Despite being the target of a recent lawsuit, it has been business as usual at Diebold
With an impending presidential election just months away and fears of Florida's voting meltdown still lingering, one might think that Diebold's Election Systems subsidiary is facing a windfall of orders. Jurisdictions across the country have already replaced outdated voting equipment with state-of-the-art electronic voting machines. Millions of Americans will be casting their ballots on these machines this fall -- many of them on Diebold's Accu-Vote TS touch-screen units.
Voters using the system gave it high marks in exit polls, but fears of software glitches, reliability, and possible manipulation have kept demand in check. In fact, problems that surfaced in California have even prompted a lawsuit. As with any emergent technology, potential setbacks are all but inevitable, but Diebold and its rivals, such as the privately owned Election Systems & Software, will eventually perfect the process. With the aid of $3.9 billion in federal funds already approved by Congress and earmarked for election overhauls, Diebold is projecting up to $2 billion in revenues from this segment over the next several years.
Though the election systems segment is Diebold's fastest growing, with $27.1 million in second-quarter sales, it still makes up only a relatively small 5% of total revenues. The company's principal line of business is the manufacture, installation, and service of ATMs. Diebold has a commanding two-thirds of the domestic ATM market and trails only NCR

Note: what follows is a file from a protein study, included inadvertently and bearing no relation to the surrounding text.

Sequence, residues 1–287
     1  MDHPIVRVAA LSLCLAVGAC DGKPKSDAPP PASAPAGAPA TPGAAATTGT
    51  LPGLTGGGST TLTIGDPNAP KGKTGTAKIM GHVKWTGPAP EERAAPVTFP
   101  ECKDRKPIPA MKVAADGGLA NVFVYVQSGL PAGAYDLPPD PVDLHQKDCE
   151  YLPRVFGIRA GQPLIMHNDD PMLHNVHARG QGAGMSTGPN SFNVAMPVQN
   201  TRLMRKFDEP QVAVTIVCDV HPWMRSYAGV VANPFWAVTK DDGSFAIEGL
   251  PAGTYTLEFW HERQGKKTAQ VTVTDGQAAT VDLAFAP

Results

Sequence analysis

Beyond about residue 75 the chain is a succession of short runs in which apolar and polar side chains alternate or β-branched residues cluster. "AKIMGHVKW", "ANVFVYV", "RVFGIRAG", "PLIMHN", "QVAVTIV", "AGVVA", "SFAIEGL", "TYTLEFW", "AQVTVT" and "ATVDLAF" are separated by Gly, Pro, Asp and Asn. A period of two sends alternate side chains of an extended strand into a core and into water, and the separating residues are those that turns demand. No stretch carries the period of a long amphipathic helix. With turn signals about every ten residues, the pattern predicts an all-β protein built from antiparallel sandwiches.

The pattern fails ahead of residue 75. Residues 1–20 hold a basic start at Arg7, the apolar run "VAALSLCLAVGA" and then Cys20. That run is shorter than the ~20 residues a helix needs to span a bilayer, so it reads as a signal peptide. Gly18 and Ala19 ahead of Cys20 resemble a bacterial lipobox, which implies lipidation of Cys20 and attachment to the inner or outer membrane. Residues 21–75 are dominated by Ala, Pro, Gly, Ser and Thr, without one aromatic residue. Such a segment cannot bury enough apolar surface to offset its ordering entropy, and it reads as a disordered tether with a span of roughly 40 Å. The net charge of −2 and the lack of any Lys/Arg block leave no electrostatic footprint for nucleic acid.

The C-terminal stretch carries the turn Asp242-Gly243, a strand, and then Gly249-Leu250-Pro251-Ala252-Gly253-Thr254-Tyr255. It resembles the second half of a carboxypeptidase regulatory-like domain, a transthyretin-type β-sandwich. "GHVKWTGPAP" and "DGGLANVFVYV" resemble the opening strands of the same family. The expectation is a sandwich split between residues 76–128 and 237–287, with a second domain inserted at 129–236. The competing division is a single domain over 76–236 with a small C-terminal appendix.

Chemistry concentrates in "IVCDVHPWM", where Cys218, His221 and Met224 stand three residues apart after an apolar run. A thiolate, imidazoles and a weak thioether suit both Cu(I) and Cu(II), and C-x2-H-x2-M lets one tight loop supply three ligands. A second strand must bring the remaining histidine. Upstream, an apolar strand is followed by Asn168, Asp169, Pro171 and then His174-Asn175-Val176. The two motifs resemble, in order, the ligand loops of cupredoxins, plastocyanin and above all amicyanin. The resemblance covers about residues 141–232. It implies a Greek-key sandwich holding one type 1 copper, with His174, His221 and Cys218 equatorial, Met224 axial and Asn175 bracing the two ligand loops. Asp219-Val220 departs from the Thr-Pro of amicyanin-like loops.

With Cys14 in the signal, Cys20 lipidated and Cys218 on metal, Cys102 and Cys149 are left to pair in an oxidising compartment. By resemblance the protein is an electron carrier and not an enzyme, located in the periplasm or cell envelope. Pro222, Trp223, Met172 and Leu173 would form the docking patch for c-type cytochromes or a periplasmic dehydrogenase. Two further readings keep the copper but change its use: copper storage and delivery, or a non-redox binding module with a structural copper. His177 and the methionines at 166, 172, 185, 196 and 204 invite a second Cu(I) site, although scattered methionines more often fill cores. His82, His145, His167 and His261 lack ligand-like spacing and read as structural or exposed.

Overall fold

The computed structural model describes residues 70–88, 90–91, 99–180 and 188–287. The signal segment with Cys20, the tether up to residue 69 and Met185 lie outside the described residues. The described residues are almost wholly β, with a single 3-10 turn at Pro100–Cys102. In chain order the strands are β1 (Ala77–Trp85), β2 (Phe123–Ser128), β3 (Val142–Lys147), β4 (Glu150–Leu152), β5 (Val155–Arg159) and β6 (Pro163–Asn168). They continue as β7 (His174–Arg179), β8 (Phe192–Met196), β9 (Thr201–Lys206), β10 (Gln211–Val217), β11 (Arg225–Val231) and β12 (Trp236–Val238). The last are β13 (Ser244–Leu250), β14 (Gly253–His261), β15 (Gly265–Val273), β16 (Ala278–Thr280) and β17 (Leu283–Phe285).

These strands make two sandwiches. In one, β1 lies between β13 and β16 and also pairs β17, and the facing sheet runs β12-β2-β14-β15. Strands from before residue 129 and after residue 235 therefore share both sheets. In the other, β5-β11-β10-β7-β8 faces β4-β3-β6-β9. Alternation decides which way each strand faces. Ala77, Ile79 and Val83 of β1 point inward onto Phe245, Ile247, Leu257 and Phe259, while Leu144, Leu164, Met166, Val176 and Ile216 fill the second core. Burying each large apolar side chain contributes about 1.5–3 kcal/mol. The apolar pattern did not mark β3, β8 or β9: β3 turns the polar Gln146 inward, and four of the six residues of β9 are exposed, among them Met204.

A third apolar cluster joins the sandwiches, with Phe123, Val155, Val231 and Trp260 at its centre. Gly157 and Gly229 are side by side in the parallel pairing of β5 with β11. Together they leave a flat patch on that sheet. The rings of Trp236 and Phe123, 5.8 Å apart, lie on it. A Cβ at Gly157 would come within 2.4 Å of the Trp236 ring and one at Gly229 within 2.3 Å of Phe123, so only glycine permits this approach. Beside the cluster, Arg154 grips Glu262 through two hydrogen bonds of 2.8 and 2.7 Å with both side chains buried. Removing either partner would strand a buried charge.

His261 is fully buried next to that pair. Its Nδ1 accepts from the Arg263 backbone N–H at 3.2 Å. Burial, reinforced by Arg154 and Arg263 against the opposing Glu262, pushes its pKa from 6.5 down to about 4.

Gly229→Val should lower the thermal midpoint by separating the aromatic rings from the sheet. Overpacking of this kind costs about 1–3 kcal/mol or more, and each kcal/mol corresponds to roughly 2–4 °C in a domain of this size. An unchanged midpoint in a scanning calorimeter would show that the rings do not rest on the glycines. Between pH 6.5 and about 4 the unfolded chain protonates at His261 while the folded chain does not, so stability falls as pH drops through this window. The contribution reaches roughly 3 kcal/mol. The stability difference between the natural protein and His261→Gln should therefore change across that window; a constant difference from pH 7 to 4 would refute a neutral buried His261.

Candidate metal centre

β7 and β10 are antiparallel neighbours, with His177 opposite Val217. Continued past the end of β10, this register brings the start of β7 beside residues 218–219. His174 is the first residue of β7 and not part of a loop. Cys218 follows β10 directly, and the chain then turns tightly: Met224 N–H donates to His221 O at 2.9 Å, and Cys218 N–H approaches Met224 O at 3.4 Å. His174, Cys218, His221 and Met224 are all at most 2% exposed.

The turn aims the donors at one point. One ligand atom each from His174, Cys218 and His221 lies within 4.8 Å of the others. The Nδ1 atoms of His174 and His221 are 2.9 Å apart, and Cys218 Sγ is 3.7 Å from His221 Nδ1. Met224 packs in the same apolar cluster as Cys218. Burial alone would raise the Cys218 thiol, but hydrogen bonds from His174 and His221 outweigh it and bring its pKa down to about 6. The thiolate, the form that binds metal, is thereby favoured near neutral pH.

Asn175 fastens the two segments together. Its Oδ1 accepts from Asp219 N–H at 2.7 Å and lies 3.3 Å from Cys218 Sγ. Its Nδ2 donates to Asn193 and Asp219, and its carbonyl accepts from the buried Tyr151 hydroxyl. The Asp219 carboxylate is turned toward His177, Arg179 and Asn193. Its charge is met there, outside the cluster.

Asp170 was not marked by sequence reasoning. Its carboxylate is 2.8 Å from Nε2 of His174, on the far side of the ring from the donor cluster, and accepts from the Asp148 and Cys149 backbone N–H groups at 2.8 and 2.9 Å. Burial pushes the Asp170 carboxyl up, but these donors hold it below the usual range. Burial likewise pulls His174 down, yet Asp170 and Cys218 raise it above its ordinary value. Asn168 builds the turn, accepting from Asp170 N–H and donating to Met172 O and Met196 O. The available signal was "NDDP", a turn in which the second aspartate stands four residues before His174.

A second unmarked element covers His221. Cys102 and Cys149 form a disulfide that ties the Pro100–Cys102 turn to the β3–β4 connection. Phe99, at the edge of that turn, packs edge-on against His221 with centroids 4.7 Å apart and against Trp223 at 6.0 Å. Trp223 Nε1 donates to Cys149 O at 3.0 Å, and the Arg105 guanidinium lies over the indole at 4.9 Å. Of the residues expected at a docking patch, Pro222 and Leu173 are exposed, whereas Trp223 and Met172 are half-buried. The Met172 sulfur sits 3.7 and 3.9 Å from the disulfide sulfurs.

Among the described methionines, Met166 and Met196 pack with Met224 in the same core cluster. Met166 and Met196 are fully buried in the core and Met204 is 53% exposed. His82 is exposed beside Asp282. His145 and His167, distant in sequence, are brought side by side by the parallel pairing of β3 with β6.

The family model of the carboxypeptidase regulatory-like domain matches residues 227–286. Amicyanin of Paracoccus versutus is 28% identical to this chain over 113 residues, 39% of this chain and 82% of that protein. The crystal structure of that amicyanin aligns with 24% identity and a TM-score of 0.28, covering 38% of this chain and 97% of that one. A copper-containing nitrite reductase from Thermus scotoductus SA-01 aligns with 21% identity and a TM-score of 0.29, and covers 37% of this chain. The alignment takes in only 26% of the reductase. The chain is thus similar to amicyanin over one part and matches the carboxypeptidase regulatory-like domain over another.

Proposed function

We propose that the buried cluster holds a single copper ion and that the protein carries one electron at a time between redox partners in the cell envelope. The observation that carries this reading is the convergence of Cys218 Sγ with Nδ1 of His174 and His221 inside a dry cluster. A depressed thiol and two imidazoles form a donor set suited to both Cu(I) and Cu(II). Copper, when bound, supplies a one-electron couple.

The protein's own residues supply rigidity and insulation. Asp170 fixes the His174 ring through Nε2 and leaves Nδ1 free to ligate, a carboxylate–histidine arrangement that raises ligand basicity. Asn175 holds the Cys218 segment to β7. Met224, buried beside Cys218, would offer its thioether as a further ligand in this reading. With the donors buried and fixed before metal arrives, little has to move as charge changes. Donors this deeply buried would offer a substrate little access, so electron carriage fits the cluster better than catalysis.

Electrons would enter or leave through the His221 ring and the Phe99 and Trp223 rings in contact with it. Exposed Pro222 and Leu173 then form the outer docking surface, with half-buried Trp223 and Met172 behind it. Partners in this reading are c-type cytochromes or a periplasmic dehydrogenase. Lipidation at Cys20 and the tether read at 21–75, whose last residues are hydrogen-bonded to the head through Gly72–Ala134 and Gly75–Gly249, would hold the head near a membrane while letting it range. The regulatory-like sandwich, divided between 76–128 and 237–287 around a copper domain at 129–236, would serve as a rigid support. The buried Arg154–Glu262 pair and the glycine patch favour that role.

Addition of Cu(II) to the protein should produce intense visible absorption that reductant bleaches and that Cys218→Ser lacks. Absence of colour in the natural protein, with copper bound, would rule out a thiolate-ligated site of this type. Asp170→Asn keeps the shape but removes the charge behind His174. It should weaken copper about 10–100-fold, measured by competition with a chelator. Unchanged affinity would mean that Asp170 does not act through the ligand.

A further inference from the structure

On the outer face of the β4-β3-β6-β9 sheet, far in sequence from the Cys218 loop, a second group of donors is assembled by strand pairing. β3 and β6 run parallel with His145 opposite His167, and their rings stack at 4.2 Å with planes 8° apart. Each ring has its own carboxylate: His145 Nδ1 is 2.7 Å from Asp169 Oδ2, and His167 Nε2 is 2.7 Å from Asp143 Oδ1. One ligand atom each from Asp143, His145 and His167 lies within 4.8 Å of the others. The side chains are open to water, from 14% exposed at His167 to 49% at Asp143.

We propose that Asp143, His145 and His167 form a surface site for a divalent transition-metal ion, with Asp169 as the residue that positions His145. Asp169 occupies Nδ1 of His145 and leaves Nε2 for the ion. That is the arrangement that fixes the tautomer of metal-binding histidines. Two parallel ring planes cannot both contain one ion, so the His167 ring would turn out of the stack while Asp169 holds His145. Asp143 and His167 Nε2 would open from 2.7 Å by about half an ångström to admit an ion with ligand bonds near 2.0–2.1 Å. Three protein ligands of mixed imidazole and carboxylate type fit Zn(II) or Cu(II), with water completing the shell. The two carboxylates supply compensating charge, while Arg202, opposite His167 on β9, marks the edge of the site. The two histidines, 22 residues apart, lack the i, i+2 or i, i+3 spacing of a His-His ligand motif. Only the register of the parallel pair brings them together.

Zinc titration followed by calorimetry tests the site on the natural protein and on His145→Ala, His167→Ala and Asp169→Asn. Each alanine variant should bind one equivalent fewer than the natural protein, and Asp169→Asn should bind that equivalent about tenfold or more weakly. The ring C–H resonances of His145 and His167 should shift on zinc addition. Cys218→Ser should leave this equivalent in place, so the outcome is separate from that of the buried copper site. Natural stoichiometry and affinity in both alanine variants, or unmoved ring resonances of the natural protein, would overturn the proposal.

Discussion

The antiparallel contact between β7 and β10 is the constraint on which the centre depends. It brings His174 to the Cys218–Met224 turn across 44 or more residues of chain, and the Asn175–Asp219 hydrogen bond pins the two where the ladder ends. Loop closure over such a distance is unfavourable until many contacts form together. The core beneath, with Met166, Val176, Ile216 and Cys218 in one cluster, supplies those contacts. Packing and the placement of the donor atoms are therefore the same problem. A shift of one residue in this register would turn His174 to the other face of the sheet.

Diebold's security solutions segment revenues, which include a wide range of products and services, such as vaults, safe deposit boxes, and campus identification smart cards, grew 11% to $136.6 million. Overall, the company also booked record orders, expanded margins, and repurchased nearly 800,000 shares.
Electronic voting has many vocal detractors, but the practice has one key ally -- the federal government. This nascent industry should continue to grow rapidly, supplementing Diebold's other more established business ventures both domestically and internationally. Considering the company just received record product orders, and that most new orders are followed up with service contracts for stable, recurring revenues, the stock may have room to grow.
Fool contributor Nathan Slaughter visits his local ATM at least once per day, but he owns none of the companies mentioned.